0

Does it mean "the same as..."?

“We think pure discount-rate moves of this nature — that lead to a joint selloff in high- and low-beta assets — are unlikely to be sustained in this environment where inflation is low and weakly pro-cyclical,” Saroliya said. Sustained joint selloffs are more a feature of periods like 1974 and the early 1980s, when supply shocks triggered countercyclical inflation, he explained.

Source: http://www.marketwatch.com/story/is-janet-yellen-still-calling-the-tune-in-financial-markets-2017-07-10

1

When we say that something is more a feature of X we mean that it is more characteristic of X {than it is characteristic of Y}. In your sentence, Y corresponds to "this environment where..."

Sustained selloffs are more characteristic of periods like 1974 and the early 1908s than they are (characteristic) of this environment where inflation is low and weakly procyclical.

In the passage you quote, the Y comparand is implicit.

A rabbit won't eat bananas. That food is more a feature of simian diets.

  • It might be worth pointing out that whereas characteristic can be used as both an adjective and a noun, feature can only be used as a noun. You've used the former four times in your answer text, but always adjectivally. It could have been used as a noun in OP's context (with the article, as ...[selloffs] are more a characteristic of [those periods]), but whereas the article can be discarded to give a valid adjectival usage with characteristic, this doesn't work with feature. – FumbleFingers Jul 11 '17 at 12:45
  • I would reduce "more a characteristic of" to "more characteristic of" in any case. Existential status (a characteristic of something) is absolute: something is or is not a characteristic of X. Degree comes into play with the adjective, characteristic, "more | less characteristic", in which case there's an implicit "often". It is more often a characteristic of... – Tᴚoɯɐuo Jul 11 '17 at 12:48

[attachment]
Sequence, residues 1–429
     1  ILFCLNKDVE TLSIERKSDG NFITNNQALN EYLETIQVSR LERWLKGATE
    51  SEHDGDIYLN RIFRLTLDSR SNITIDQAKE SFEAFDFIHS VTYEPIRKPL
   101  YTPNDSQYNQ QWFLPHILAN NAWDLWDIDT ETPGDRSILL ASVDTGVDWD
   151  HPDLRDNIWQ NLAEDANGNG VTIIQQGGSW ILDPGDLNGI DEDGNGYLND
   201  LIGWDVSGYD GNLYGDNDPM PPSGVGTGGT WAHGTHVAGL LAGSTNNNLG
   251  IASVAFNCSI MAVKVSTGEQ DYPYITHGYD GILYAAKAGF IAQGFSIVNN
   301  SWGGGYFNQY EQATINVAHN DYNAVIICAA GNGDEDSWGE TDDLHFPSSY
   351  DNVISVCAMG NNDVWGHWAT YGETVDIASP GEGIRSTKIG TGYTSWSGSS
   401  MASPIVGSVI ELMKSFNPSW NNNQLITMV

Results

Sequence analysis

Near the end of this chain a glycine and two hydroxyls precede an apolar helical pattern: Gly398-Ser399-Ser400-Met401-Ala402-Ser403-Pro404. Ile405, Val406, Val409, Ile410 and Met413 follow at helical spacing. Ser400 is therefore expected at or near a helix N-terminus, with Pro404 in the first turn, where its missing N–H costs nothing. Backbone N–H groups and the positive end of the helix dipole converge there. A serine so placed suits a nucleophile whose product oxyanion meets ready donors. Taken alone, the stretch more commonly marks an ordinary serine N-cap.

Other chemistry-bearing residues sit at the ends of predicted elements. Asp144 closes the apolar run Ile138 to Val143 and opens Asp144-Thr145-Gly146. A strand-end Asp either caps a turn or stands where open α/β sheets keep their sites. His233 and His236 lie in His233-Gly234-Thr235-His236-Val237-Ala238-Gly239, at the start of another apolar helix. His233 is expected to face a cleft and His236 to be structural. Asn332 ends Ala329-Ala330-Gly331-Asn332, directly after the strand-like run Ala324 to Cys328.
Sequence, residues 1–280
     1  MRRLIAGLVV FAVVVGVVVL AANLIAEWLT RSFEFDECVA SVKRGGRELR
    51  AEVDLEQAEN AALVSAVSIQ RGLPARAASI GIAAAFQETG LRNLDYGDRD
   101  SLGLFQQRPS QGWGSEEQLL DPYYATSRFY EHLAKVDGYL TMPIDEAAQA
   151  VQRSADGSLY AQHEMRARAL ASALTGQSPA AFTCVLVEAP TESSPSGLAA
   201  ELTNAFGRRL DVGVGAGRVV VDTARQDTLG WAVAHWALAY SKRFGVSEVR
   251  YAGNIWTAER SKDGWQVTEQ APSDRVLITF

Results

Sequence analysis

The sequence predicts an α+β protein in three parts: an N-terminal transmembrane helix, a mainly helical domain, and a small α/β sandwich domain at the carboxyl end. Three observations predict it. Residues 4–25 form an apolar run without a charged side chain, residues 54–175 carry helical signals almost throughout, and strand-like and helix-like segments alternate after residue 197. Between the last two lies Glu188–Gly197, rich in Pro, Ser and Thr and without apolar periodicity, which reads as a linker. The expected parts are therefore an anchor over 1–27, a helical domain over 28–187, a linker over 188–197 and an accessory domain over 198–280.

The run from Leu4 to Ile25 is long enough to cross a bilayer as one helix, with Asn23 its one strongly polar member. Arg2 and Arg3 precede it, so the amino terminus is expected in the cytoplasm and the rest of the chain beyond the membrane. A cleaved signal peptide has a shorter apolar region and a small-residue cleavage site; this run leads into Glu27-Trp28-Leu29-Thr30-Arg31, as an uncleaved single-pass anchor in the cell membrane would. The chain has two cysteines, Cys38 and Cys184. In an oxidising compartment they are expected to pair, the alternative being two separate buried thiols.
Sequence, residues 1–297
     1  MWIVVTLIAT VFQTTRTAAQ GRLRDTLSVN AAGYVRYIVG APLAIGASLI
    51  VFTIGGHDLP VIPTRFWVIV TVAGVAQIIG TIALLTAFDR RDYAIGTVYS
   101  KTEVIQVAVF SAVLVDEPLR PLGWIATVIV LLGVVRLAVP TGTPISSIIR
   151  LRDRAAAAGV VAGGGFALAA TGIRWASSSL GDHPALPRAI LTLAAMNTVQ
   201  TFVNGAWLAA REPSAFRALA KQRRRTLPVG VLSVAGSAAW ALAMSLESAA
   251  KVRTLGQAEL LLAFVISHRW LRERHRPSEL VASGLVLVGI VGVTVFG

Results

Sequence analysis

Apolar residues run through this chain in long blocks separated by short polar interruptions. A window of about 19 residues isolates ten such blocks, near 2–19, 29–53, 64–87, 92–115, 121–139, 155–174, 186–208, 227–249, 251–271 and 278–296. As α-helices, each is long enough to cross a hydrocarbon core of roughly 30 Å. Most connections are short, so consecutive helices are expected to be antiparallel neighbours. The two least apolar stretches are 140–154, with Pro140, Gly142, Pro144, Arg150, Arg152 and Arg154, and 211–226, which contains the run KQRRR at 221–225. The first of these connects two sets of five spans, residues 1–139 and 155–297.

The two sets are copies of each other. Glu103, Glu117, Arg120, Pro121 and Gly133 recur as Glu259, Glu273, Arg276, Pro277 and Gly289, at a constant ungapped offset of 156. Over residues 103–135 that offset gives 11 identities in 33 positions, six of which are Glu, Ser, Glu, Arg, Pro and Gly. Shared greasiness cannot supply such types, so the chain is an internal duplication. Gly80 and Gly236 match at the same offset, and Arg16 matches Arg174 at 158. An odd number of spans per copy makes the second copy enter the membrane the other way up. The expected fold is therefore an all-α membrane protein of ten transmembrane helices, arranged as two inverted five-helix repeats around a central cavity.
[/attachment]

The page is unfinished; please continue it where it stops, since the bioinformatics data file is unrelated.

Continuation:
• It's true we rarely include the article in more characteristic of, but I doubt semantics come into it - I think it's just a matter of established idiomatic preference. – FumbleFingers Jul 11 '17 at 13:02
  • ...compare is more symptomatic of / is more a symptom of, where the noun form is as common as the adjectival one. Symptoms and characteristics are just as "absolute" as each other, to the extent that means anything. – FumbleFingers Jul 11 '17 at 13:05
  • If the intended meaning is "more likely to occur with X than with Y" then I would say "more often a feature of X". Though I do concede that many people say "more a feature of X" in just that scenario. And that they do has proven to be a problem for OP, and I blame the writer there, not the reader. – Tᴚoɯɐuo Jul 11 '17 at 13:41

Your Answer

By clicking “Post Your Answer”, you agree to our terms of service, privacy policy and cookie policy

Not the answer you're looking for? Browse other questions tagged or ask your own question.